The Best Time To Test Is BEFORE You Launch
How is business strategy like a new car? For one thing, if the strategy’s design isn’t quite right, the wheels can come off. Even worse, if the design is flawed, someone can get hurt.
Enter the crash test dummy, the handy avatar for disaster avoidance.
In tests of new cars, crash test dummies simulate the physical reactions of humans to worst-case-scenario conditions. Results allow car makers to reduce risk by identifying and addressing flaws in the car’s design before it goes on sale.
Business concept testing is the crash test dummy of strategy.
Just like a crash test dummy it addresses the point of greatest risk, which is usually demand.
For many products, testing demand can take place before a product is built in an environment that doesn’t just simulate the real world—it is the real world. Testing an offer for a new product online (“coming soon”) delivers data about target market, positioning, customer acquisition cost, and—most importantly—demand. It can avert disaster, particularly the kind that results from building the entirely wrong product.
Read on for examples of companies that used crash test dummy approaches prior to launch.
Rent the Runway seems like a genius business, right? A riff on the so-called sharing economy, RTR enables its customers to rent special-occasion apparel when they need it at a fraction of the entire purchase price.
But the concept of renting high-end apparel was not a slam-dunk. Who knew if consumers would really sign up to wear a glittery dress that someone else had worn only days before?
In this excellent article, Jon Fjeld discusses how the Rent the Runway founders tested the most “severe” assumption in their business strategy: market demand. Severity is a measure of impact on a business’s strategy. By validating the assumption with the highest severity first, Fjeld says, ventures like RTR remove the greatest risk at the lowest cost.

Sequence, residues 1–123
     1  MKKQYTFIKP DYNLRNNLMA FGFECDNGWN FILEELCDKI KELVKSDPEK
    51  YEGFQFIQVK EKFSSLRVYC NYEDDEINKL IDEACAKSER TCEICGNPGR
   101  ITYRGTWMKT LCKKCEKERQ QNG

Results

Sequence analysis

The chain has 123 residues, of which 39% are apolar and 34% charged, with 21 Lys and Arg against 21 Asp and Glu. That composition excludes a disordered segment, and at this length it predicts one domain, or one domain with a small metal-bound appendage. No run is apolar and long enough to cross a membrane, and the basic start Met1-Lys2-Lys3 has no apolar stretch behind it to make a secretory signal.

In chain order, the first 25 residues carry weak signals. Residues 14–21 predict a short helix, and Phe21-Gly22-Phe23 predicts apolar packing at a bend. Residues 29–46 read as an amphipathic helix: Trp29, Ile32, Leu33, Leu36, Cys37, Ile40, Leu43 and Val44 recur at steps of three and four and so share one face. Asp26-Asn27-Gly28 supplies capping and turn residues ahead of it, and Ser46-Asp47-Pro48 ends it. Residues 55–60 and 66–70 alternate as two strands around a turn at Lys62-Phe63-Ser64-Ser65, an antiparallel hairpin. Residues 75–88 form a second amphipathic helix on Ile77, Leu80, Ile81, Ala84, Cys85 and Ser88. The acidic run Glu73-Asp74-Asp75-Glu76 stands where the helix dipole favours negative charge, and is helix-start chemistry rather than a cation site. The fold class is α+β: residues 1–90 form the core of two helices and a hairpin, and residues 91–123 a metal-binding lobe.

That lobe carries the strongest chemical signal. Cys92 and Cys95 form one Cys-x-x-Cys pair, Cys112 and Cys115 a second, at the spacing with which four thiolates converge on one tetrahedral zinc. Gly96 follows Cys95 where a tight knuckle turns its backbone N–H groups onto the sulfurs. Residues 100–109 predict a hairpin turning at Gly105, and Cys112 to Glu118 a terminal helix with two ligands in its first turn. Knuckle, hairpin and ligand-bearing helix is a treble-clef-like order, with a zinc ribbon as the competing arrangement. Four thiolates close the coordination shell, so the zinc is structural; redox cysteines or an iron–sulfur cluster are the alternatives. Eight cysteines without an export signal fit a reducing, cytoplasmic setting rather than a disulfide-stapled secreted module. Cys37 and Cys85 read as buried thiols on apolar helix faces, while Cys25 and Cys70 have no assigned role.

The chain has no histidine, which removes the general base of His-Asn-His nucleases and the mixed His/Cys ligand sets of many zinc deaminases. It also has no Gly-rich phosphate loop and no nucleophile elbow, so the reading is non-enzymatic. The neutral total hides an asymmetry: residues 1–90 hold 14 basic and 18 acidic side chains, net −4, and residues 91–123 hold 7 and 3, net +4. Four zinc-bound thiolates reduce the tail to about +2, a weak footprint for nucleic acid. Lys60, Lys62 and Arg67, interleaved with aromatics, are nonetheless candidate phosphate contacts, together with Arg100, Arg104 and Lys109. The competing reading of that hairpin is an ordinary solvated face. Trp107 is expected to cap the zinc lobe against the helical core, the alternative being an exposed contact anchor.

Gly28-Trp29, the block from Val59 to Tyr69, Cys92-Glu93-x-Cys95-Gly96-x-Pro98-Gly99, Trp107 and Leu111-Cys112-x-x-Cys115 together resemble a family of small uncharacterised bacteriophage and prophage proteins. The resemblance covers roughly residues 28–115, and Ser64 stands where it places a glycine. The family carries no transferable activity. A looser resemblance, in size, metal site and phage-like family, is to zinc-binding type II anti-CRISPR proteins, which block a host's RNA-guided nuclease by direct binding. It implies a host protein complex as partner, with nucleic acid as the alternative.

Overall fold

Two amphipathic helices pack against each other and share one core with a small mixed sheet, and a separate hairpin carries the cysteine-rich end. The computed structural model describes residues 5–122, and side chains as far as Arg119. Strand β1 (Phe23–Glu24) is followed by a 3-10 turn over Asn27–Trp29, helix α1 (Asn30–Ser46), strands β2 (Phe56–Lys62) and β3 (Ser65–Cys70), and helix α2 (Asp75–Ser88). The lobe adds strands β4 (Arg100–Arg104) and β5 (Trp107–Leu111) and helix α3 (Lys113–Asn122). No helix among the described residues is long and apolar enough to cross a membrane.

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Should you ever trust your intuition on big decisions like what product to build and how and when to launch it? Fans of Nobel laureate Daniel Kahneman of Thinking Fast and Slow fame will enjoy this exchange about when to trust your gut in business situations. Kahneman debates psychologist Gary Klein, who promotes the power of intuition in certain situations, and the result has some really useful tips for reaching good decisions—and not just in business. (Spoiler: nothing we read changed our belief in the power of testing to avoid giant screw-ups.)
As competition in games has increased, development costs have risen to meet players’ expectations of bells, whistles, and clever gameplay. With higher stakes, smart developers have shifted company cultures—no small feat—to embrace a process of “stage-gating” each step of development subject to market testing. This post by a Google Play business development exec is detailed—it gives a lot of examples of specific types of testing—but it’s also a fascinating study in how industry dynamics drive shifts in product development practices.
We get a lot of requests at Spark along the lines of “Can you teach our team what you do? We want to test demand/brand positioning/launch strategy.” At last, we are putting the finishing touches on a program to train small groups in a learn-by-doing methodology.
Drop us a line at firstname.lastname@example.org for more info.